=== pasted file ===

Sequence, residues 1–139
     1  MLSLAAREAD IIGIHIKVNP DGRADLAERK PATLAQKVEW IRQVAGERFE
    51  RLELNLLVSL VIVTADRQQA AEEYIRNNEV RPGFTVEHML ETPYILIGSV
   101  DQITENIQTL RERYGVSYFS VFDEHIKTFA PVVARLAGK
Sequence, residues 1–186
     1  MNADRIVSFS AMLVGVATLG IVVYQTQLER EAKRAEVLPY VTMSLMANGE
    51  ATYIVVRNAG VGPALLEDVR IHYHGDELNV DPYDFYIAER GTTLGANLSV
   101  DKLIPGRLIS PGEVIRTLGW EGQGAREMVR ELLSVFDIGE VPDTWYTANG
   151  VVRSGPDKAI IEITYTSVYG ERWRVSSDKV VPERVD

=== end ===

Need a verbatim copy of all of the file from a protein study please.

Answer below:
Sequence, residues 1–139
     1  MLSLAAREAD IIGIHIKVNP DGRADLAERK PATLAQKVEW IRQVAGERFE
    51  RLELNLLVSL VIVTADRQQA AEEYIRNNEV RPGFTVEHML ETPYILIGSV
   101  DQITENIQTL RERYGVSYFS VFDEHIKTFA PVVARLAGK
Sequence, residues 1–186
     1  MNADRIVSFS AMLVGVATLG IVVYQTQLER EAKRAEVLPY VTMSLMANGE
    51  ATYIVVRNAG VGPALLEDVR IHYHGDELNV DPYDFYIAER GTTLGANLSV
   101  DKLIPGRLIS PGEVIRTLGW EGQGAREMVR ELLSVFDIGE VPDTWYTANG
   151  VVRSGPDKAI IEITYTSVYG ERWRVSSDKV VPERVD